Hedonic adaptation occurs because humans are very adaptable – some of us more than others— and as soon as something better than our “normal” becomes habit or a routine part of our day, it loses its shine so to speak. Think past lottery winners who manage to become miserable despite having money troubles wiped away.  And raise your hand if you’ve reached a goal you thought was going to bring the epitome of happiness, only to find that happy feeling was short-lived. We’re always raising the bar. I don’t know when the concept of contentment was lost, but I know I don’t see enough of it – too much of the grass-is-greener syndrome going around if you ask me.

Gretchen Rubin, author of “The Happiness Project” says that one way to combat hedonic adaptation is to cut back on luxurious enjoyment. (That almost sounds un-American.) Also, try stopping each day and just being grateful for the things in your life.  Avoid including external things – look to your inner resources. Take pleasure in the little things.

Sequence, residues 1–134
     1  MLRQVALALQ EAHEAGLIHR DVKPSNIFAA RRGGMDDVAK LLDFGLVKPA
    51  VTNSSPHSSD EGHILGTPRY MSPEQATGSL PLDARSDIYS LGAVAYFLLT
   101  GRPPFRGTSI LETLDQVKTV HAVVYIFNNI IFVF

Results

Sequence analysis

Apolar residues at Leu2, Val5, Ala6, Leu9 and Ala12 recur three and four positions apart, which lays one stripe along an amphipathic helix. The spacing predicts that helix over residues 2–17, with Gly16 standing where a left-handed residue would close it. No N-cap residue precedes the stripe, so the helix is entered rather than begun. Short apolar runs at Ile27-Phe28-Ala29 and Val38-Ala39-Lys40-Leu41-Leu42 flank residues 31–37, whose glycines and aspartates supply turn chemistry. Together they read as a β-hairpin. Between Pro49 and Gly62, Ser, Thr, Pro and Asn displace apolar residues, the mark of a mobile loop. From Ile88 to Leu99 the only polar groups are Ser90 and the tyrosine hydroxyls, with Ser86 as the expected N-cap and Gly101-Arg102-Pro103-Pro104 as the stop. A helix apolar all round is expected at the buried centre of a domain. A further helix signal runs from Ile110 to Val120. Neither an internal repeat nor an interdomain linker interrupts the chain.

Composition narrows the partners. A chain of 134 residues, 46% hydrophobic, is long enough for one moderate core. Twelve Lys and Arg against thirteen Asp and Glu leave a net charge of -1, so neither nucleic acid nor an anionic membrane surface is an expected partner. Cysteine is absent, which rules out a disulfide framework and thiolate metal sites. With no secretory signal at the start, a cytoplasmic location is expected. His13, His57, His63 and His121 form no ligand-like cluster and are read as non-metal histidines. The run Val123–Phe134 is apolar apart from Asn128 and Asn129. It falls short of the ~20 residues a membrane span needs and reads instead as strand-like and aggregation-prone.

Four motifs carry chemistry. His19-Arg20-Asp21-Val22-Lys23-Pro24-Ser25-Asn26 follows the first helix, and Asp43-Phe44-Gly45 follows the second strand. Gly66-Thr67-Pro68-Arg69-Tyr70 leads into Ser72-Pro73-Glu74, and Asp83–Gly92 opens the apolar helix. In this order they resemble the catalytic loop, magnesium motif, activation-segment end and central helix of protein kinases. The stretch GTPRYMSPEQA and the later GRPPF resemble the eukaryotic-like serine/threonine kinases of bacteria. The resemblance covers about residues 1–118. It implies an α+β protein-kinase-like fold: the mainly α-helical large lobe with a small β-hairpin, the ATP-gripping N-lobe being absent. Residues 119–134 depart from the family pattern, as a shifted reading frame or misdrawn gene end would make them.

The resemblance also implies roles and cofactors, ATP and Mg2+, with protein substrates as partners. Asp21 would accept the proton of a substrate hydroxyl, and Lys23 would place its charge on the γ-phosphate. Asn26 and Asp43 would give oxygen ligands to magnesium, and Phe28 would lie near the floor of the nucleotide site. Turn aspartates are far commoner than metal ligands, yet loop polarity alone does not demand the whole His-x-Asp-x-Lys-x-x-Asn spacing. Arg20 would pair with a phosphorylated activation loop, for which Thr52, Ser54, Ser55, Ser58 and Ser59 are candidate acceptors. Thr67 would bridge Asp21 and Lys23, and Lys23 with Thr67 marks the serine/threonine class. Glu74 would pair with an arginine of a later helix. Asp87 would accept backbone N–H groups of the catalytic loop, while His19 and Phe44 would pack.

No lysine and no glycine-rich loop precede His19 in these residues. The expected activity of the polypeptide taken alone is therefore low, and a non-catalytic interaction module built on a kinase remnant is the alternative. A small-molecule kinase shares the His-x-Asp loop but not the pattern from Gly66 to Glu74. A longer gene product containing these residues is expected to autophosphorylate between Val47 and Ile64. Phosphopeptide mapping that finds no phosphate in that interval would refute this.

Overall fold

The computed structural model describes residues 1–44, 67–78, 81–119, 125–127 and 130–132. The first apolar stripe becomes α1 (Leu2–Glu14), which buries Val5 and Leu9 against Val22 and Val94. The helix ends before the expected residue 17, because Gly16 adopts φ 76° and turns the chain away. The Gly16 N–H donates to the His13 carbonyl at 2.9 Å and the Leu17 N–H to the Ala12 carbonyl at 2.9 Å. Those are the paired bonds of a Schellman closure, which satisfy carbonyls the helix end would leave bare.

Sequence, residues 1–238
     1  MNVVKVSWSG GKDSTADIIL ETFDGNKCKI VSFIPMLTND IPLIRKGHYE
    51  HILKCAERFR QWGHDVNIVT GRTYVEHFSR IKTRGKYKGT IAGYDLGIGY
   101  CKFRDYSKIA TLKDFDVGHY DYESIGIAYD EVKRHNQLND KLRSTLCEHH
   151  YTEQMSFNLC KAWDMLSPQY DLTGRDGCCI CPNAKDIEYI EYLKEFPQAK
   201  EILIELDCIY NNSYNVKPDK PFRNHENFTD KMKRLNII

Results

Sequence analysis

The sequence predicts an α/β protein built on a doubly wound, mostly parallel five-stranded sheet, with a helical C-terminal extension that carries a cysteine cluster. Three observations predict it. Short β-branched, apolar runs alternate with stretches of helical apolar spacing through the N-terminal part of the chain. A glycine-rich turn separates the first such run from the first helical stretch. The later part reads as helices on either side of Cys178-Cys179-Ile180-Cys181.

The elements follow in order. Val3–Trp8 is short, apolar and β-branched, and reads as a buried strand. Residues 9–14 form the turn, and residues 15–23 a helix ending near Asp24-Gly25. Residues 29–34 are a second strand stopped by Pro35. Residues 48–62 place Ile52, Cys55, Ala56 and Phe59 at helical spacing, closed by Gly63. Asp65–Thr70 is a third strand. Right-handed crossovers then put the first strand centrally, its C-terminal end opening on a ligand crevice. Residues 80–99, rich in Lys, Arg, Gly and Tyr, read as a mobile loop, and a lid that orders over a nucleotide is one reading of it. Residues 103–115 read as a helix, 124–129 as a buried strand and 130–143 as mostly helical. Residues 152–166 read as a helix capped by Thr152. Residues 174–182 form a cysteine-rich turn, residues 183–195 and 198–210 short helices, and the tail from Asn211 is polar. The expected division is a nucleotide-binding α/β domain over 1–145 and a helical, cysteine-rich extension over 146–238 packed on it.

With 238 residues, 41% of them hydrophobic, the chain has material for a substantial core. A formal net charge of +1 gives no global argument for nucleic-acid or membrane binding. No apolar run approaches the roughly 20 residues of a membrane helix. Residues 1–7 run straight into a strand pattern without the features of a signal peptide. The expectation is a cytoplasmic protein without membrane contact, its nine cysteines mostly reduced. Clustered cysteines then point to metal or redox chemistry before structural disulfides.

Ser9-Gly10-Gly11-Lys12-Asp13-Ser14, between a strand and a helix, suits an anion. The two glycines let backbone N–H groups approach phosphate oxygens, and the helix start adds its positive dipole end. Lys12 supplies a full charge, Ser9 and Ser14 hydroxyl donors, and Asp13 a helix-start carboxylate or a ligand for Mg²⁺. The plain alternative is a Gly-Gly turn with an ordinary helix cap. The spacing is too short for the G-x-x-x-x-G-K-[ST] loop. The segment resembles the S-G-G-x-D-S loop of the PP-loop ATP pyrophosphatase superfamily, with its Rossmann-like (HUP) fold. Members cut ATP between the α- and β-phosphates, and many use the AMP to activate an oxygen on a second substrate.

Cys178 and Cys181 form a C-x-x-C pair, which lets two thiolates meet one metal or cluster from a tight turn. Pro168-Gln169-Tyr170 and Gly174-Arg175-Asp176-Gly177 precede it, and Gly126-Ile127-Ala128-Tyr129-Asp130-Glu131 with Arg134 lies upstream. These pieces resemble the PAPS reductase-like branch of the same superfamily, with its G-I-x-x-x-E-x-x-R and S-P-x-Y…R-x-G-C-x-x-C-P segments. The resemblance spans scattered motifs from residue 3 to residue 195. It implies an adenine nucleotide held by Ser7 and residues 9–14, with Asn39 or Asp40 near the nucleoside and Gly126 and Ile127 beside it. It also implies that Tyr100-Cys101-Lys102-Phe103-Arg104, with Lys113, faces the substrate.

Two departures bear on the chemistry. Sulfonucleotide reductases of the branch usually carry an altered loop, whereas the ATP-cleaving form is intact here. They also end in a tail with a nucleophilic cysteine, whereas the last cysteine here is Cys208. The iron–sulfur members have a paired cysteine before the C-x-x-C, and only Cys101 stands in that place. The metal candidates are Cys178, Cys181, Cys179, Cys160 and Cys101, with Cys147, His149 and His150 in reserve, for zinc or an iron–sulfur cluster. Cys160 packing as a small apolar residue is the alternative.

Get out there and go after something delightful . . . and intend on catching it!

© 2009 Natalie Whatley

Jack and I are sick of tricks

Author: natalie  //  Category: Holidays, Issues, National

Happy Halloween! I hope this finds you all scaring up some fun – even if you don’t officially celebrate. It’s difficult to escape all that surrounds what has become a cauldron filled with a mixed brew of beliefs and customs.

That said an entire industry has been built around the day and people’s enjoyment of fear. To be fair, there is also a whimsical side – adults would rather not be awakened by frightened children – complete with festive thank-goodness-it’s-finally-fall fun.  There’s something for everyone.

Listening to the radio for a few minutes will garner several locations within driving distance where you can pay to enter and enjoy a fearful adrenaline rush. Those venues come with names like Phobia, known for featuring clowns of all things; Screamworld, and of course all the haunteds  . . . woods, houses, etc.  I suppose phobophobiacs, those who have a fear of fear, avoid those. I’ve never attended any, but have heard the scariest parts are often the lines and wait to go through. No thanks.